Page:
“There are a lot of companies out there that are overvalued and as investors we have to be very careful…but there are also a lot of companies that are still at very attractive valuations, with really great value propositions that really make sense to do,” says Whitney Rockley of Nomura’s new cleantech venture group, based in London. “The hard part is trying to weed through the deal flow to determine which ones are based on really good, sound fundamentals and make sense for the industry.”
It doesn’t help that hedge funds have become increasingly active in this space, putting a lot of money to work very quickly, but often without the same level of due diligence, she adds.
In general, the cleantech sector is maturing, with more rigor and focus on grounded business plans, carried out by more seasoned executives, who have gradually replaced the original innovators, says Jeff Lipton, managing director of CleanTech Investment Banking at Jefferies Group.That could have helped hydrogen and fuel cells companies with their beguiling potential of virtually limitless power. Fascination with the science was not always matched by a sober acknowledgement of the remaining technological challenges – not to mention the complete absence of industry infrastructure. Ballard Power Systems, Plug Power and Fuel Cell Energy are the poster children of that heedlessness. Honda continues to test its fuel cell ... but on cars that cost up to $1 million each.
The same euphoria got some biofuel companies in trouble. The share prices of handful of these companies are now below their debut price and numerous construction projects have been put on hold.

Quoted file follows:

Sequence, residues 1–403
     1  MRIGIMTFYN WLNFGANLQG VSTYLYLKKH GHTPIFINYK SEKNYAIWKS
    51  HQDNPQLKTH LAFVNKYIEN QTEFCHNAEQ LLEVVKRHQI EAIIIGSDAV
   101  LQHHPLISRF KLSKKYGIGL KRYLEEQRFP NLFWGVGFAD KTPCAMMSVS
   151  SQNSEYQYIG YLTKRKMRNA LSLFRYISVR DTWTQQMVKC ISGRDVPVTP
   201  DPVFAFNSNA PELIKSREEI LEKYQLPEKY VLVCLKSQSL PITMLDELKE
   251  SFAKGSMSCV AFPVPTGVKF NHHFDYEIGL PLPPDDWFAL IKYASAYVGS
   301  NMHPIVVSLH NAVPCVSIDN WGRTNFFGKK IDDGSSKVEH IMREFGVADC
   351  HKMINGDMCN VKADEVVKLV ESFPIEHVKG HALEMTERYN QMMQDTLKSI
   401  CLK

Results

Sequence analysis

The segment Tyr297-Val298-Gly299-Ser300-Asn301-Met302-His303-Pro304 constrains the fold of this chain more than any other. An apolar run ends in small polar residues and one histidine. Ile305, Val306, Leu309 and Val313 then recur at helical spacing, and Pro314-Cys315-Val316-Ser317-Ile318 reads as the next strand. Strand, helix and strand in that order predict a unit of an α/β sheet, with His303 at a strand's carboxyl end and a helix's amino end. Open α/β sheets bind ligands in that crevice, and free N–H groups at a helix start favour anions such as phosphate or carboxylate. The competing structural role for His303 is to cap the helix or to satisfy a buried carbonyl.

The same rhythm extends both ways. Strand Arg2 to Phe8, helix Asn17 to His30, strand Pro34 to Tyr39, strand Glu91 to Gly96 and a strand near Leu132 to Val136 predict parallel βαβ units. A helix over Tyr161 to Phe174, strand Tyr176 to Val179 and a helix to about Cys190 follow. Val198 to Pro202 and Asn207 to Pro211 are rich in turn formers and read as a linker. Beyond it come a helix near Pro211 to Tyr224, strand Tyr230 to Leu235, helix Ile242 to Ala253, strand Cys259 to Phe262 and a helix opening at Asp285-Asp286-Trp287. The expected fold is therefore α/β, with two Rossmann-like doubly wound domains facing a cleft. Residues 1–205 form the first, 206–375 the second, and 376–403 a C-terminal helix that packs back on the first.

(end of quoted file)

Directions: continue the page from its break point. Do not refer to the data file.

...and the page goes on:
On October 1, VeraSun Energy, one of the nation’s largest ethanol producers, announced it was suspending construction of its 110 million-gallon-per-year ethanol biorefinery in Reynolds, Indiana, because of a fall in ethanol prices of nearly 50 cents a per gallon in the previous two months. The delay came less than six months after the firm first announced plans to build. “You’re going to see a wave of consolidation in the next 12 months or so,” says Jeffries’ Lipton.
Besides dependence on significant subsidies there are worries about long-term overcapacity, as well as the feedstock problem of corn prices pushed skyward, which sabotage project economic viability, and entangle firms in a politicized ‘food versus food’ debate.
“Could you have irrational exuberance in a subsector of these sectors, sure, no doubt, it could happen,” says Ron Pernick, co-author of The Clean Tech Revolution, which came out June. “Could you have irrational exuberance in all sectors, I don’t think so.”
Retail Investors Take Note
Retail investors are partially shielded by the discipline imposed by the capital markets. “The public capital markets appropriately are only funding those deals where a lot of the technology risk has come out of the process,” explains Joseph Muscat, Americas director of Ernst & Young’s cleantech advisory services.
Even after they are listed these stocks can still experience considerable volatility, because of fluctuating oil prices and fickle government support policies, which have periodically whiplashed early U.S. green energy investors for years.
Retail investors interested in this sector have at least half a dozen exchange-traded funds. (Learn more about green ETFs.)
“This is a reasonably young market sector - some of technology is going to succeed and others will not reach the projected level of adoption to make it commercial scalable – that’s why it’s a venture play,”